The only band who really didn't fit were The Swingers, led by Phil Judd, who made it on to the vinyl by virtue of the fact that they were now signed to Ripper via a Mike Chunn connection.
The stumbling block was, however, pressing and finding the funds to pay for 250 copies, now being demanded by Ode Records, who had arranged pressing. Enter Record Warehouse, an Auckland based record chain, whose Roger King agreed to take all 250 and pay in advance for them. That allowed Staff to, if not cover all his costs, at least get the records in the store.
And so it was as the new decade turned, AK79 hit the shelves.
And left the shelves - within a few days they were all gone. Two hundred and fifty more were pressed in early 1980 and sold to stores other than Record Warehouse, followed by another similar run a month or two later.
And that was it for a time, until Bryan moved his label's distribution to CBS in late 1980. They repressed the album early in 1981, and even did a now very rare cassette edition. You can tell the CBS pressings by the copyright line at the bottom of the label - the first 750 didn't have it.
However by the end of 1983 Ripper was no longer operating and the album was no longer available. Total sales under 2000 copies.
Over the next few years it became harder and harder to get, and attained an almost mystical status, selling for big bucks around the world.
About 1990 Bryan Staff passed all the Ripper masters to Flying Nun for safekeeping, but little was done with any of them immediately.
In 1992 I approached Roger Shepherd and suggested that perhaps we should look at a CD reissue of AK79, although we should use the opportunity to expand it - to turn one of the few releases from the NZ punk scene into a document of the time.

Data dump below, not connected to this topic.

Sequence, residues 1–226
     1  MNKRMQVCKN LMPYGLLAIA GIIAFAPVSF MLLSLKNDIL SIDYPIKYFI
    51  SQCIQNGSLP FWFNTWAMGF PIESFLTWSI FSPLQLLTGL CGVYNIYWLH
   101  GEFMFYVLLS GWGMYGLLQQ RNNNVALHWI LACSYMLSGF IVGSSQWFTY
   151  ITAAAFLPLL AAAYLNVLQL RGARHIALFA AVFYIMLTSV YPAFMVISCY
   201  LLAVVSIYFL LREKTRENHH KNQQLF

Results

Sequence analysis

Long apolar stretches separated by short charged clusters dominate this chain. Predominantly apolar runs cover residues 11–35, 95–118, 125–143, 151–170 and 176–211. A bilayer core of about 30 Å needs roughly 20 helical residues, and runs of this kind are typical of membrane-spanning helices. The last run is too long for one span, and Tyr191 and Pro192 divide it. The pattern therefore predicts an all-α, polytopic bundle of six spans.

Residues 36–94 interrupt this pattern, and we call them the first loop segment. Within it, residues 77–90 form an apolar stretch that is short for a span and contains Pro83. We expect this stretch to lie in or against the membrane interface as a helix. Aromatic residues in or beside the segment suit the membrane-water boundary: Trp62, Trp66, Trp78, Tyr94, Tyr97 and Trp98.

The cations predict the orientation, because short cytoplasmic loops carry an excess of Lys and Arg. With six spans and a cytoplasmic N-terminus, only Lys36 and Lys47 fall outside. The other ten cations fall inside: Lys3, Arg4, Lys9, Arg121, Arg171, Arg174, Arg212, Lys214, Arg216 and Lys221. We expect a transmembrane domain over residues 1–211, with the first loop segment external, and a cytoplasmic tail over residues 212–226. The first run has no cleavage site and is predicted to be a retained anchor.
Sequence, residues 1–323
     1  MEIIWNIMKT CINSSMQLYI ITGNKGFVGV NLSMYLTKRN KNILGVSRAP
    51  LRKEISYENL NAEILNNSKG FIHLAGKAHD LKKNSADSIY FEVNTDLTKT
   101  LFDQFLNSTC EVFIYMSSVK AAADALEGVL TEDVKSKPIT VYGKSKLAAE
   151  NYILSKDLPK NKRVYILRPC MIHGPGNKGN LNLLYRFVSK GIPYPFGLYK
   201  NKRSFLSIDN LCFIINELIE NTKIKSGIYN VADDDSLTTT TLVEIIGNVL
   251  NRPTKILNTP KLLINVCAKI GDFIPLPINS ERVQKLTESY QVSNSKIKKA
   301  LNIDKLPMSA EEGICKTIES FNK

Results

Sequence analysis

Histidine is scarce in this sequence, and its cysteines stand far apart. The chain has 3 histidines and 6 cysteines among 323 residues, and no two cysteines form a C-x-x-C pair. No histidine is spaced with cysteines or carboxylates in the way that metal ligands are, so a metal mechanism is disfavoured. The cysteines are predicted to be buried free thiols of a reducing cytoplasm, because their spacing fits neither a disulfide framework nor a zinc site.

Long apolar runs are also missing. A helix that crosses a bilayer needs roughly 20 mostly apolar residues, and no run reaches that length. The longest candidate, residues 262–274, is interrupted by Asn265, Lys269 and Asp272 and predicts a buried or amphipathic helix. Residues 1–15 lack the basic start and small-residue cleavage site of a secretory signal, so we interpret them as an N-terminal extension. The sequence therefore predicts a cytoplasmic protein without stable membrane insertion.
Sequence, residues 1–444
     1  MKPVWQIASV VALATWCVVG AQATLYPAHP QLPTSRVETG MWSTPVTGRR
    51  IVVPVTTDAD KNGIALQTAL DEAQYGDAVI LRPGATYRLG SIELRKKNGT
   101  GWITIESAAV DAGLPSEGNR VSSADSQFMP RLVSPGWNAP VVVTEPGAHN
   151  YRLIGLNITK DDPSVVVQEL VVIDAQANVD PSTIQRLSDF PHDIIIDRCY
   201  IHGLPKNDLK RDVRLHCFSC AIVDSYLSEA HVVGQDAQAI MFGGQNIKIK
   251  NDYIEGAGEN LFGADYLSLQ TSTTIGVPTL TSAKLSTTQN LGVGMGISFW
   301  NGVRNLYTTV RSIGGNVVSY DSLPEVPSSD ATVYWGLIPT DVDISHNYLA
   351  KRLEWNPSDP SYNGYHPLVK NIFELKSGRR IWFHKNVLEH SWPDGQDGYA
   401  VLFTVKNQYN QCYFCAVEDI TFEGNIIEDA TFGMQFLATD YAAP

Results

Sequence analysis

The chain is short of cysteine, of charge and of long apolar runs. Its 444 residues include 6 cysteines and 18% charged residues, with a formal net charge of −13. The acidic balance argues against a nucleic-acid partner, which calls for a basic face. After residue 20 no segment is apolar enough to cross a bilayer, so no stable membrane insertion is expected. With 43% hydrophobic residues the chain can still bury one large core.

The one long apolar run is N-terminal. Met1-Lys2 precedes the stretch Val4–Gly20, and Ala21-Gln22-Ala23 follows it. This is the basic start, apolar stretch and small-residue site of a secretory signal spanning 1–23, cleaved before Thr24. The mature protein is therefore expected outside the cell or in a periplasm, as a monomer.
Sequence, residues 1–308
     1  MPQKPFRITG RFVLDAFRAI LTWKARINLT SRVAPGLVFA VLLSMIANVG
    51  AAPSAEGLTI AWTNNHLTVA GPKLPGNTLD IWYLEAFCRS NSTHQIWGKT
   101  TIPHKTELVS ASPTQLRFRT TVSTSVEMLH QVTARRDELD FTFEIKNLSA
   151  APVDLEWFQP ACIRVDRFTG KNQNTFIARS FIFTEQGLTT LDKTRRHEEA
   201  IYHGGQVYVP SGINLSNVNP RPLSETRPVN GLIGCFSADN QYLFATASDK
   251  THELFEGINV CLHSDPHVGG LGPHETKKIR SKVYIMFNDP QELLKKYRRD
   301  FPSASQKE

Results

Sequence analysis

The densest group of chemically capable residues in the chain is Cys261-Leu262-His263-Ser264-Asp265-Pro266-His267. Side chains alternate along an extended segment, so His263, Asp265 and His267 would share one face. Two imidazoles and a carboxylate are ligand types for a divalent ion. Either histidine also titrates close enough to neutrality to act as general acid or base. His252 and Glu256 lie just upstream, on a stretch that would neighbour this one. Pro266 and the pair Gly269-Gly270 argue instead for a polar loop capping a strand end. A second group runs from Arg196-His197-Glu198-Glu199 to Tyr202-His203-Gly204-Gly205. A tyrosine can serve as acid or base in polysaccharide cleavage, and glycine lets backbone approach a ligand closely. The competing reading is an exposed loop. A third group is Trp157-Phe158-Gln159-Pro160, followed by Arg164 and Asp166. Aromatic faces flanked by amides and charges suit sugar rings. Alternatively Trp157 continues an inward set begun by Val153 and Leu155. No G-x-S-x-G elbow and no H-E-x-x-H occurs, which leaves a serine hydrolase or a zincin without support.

With that wider objective in mind - and having agreed that the album would be a joint release between my Propeller label and Roger's Flying Nun - we went ahead at full speed. I complied what I though would be an appropriate track listing, using a bunch of songs from Propeller and Ripper many of which were unobtainable.
There was a little duplication with my Bigger Than Both of Us collection, but that too was out of print at the time. There were a few unreleased tracks too, plus some singles, such as The Suburban Reptiles' debut which had never made it to LP or CD before. I spent the next few months tracking down masters and photos before we finalised a track listing.
I remastered the compilation (and mixed an unreleased Suburban Reptiles track, and their debut single, Megaton which now existed only on an unmixed 4 track) at Airforce Studios in 1993.
The whole thing was repackaged, around Terry's original artwork, by Andrew B White at Revolver with extensive new liner notes from myself and Kerry Buchanan, the original drummer from Rooter, plus Bryan Staff.
It was released early in 1994.
Thus the world now had AK79, the CD - the defining collection of the Auckland punk scene - a hugely important scene that changed the city and the music that has been made in it since.
It's a collection which I'm not only quite proud of, but also one that stands up to repeated listening some three or more decades after it was all recorded.
The album ties up an era in Auckland - the punk era, which completely changed the music scene in NZ thereafter and forever - which existed from early 1977 through to early 1980, although it had mutated into something else by the end of that year - anything calling itself Auckland punk after that date really had little to do with this album and the acts and scene it represents.
Musically quite brilliant in (many) places and truly iconic, AK79 is a tribute, not only to the often extraordinary and inspiring bands who played in the scene, but also to the vision of Bryan Staff, without whom much of this music and history would have been lost.
AK79 is still available on CD on Propeller / Flying Nun. A 2008 double vinyl version with a red cover was unofficial and unlicensed.